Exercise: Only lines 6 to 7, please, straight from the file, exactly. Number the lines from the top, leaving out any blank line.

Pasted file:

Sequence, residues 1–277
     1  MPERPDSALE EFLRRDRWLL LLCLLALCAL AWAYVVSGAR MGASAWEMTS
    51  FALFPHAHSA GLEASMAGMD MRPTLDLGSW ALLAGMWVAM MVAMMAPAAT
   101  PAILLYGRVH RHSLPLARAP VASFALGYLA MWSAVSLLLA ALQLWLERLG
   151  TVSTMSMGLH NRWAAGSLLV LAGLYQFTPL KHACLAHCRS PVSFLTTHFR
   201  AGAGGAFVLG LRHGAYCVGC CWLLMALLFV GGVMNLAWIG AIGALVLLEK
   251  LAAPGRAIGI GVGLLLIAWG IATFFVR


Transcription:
   201  AGAGGAFVLG LRHGAYCVGC CWLLMALLFV GGVMNLAWIG AIGALVLLEK
   251  LAAPGRAIGI GVGLLLIAWG IATFFVR